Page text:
The shows on this stage have always been more than spectacular and tonight’s
performances even exceeded our expectations.
A bumbling pair of wild turkeys opened the show. The hen pecked contentedly at
the corn beneath a deer feeder while the long-bearded gobbler who played her
sidekick milled about rather aimlessly, acting as though he was too good to be
seen grazing with the likes of her. At this time of year wild tom turkeys usually fall
all over themselves to impress the ladies, twirling and prancing with their tails
fanned out, but this fellow acted as though he had either lost all his mojo or
totally forgotten his lines.
By the way, kudos to the set designers and to the orchestra for the astounding
life-like sights and sounds they prepared for tonight’s show. The sets were
marvelous and the designers totally nailed the colors of the dogwood blossoms
and the purple and yellow wildflowers that dot the hillsides this time of year. The
orchestra perfectly recreated the silky-smooth cooing of the mourning doves, and
even the raucous buzzing made by the hummingbird’s tiny wings seemed
impeccable this evening as they chased each other from feeder to feeder. Now
and then the muffled gobbles of wild tom turkeys could be heard drifting through
the theater, sounding for-all-the-world like we were actually sitting in the hills
hearing their unmistakable throaty warbles echoing across the ridges.
For the next couple hours we were treated to an unbelievable evening of sights,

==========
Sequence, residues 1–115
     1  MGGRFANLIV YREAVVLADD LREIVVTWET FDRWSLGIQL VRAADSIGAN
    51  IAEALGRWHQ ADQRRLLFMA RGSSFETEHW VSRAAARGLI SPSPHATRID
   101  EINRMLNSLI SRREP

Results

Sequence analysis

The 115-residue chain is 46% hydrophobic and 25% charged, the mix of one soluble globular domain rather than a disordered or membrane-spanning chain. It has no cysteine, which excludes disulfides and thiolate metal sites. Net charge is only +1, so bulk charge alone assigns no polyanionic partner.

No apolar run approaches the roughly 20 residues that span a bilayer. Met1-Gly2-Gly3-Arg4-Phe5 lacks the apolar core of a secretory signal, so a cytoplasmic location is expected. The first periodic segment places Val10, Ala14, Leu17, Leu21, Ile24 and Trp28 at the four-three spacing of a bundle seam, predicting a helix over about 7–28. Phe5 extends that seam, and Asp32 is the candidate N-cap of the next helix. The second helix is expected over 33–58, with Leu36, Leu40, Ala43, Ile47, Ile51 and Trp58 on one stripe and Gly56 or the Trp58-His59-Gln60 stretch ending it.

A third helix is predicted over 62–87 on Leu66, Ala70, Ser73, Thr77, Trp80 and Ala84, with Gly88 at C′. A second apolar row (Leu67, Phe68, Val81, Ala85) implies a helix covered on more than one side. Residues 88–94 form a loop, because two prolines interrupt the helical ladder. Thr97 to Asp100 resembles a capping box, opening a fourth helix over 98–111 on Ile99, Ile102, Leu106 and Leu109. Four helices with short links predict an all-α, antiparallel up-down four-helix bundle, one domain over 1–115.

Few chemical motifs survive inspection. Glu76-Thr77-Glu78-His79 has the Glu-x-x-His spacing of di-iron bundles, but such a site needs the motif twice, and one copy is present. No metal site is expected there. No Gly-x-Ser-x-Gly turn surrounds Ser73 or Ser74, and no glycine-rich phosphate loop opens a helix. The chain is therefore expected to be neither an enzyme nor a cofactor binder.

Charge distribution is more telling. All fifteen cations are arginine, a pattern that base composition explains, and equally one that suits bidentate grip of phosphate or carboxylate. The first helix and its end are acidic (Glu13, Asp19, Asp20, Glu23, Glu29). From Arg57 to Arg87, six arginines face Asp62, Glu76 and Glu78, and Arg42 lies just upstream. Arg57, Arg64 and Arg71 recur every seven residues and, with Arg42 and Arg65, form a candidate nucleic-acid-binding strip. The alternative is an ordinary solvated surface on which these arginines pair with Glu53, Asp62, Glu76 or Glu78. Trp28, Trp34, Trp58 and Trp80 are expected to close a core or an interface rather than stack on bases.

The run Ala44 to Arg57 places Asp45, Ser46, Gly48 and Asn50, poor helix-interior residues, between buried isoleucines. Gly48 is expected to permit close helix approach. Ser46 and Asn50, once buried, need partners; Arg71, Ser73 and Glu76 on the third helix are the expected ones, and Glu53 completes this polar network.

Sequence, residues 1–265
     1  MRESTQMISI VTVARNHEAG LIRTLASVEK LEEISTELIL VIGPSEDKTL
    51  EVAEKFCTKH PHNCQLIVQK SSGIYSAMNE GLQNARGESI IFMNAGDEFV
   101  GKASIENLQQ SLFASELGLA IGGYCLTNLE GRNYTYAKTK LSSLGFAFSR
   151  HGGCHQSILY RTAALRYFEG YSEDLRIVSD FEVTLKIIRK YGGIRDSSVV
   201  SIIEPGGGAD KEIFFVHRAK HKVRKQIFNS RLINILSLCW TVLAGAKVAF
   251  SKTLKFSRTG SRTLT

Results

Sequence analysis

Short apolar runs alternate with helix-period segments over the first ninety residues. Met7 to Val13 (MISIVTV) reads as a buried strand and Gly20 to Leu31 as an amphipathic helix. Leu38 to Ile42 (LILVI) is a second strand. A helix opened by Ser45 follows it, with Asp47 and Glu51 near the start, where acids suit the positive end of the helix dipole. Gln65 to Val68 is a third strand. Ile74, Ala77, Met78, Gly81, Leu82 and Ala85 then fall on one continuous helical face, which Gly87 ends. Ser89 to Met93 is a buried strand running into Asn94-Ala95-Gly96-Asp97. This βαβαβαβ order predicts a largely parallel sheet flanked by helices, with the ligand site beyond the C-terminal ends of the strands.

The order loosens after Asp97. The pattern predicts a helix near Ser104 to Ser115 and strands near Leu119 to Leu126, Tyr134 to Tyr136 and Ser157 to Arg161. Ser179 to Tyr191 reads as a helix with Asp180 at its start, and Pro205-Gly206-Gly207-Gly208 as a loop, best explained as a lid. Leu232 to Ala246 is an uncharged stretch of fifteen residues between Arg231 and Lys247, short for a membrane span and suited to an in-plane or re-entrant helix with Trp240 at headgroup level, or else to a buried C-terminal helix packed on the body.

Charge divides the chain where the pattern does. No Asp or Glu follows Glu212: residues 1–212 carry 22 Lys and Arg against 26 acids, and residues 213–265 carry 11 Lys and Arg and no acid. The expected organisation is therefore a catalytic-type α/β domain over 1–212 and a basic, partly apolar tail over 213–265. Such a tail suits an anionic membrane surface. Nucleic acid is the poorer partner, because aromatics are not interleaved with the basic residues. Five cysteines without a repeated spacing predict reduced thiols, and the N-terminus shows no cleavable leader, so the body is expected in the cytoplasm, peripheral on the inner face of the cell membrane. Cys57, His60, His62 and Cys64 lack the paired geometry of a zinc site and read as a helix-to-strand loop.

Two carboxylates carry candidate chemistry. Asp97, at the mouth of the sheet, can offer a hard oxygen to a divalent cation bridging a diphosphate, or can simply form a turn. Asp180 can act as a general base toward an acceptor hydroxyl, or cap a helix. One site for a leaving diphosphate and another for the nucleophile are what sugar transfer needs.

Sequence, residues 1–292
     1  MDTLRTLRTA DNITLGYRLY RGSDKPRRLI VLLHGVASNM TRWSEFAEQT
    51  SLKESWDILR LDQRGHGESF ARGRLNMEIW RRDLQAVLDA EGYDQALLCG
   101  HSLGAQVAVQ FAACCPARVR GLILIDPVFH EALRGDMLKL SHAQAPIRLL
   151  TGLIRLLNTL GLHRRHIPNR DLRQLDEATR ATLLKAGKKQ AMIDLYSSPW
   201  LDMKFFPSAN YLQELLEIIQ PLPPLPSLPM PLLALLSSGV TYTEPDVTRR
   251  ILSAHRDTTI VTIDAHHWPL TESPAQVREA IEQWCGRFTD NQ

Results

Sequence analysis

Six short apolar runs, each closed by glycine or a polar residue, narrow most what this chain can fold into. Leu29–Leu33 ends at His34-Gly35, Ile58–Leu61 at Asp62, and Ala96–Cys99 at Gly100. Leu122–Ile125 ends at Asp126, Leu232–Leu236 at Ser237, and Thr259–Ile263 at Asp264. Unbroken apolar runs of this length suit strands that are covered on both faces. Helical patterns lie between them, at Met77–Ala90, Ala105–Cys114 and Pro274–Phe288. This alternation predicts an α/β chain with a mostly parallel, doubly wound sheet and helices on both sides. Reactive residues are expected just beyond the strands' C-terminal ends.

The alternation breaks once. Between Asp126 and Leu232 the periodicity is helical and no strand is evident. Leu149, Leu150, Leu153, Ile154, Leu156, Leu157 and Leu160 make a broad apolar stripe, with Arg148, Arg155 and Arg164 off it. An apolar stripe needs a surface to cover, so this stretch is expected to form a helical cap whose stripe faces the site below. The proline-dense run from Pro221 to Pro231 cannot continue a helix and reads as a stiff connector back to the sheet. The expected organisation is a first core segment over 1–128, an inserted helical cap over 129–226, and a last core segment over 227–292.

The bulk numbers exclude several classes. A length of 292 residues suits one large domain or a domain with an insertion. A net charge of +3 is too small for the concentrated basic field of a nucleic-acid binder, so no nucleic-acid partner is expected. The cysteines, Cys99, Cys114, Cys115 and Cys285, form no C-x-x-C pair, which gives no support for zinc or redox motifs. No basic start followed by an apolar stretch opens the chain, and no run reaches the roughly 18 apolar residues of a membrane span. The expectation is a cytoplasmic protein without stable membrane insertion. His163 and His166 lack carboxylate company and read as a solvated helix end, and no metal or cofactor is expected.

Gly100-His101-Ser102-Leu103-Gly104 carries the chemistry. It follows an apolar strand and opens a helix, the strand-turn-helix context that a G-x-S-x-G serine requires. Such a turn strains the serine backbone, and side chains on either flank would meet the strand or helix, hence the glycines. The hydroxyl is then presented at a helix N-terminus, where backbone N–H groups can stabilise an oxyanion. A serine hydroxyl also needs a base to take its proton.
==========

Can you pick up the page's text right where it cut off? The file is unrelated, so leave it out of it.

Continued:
sounds and smells so realistic that with our eyes closed it seemed as though we
were actually somewhere in the woods experiencing them firsthand in the wild.
The closing act for the evening was the comedy duo of two beavers. They
appeared on stage by suddenly popping to the surface of their little pond one-at-
a-time, then cruised aimlessly around before suddenly disappearing just as
silently as they had appeared. This routine was repeated several times before one
of them began drifting slowly up the creek above their little pond. Just ahead of
the beaver, a deer stood near the creek, gobbling corn from beneath the same
feeder that was the opening prop for the turkeys. As the beaver reached the
feeding deer, it loudly slapped its tail in the creek, throwing water everywhere
and sending the poor deer, who was minding its own business bolting from under
the feeder with its ears laid back. The deer stood looking around as if to wonder
what it had done wrong while the cranky beaver sped on up the creek.
By now the house lights had been brought low and the entire theater was bathed
in moonlight. You could feel the tension building toward a dramatic ending of
some sort. Then, just when we thought nothing could top the last act, the evening
reached a crescendo and was followed by……..absolutely nothing! The absolute
stillness of the night was beyond any “quiet” I have ever known!
OK, I have a confession; we saw and heard all the above from the front porch, yes
from the front porch of my brother’s cabin, deep in the Ohio woods, which I guess
can be considered God’s theater, and God’s stage. While I realize this was not
Exploring Kansas Outdoors per say, I didn’t think you’d mind a change of location
for a week as long as you got a good story!…Continue to Explore Kansas
Steve can be contacted by email at firstname.lastname@example.org.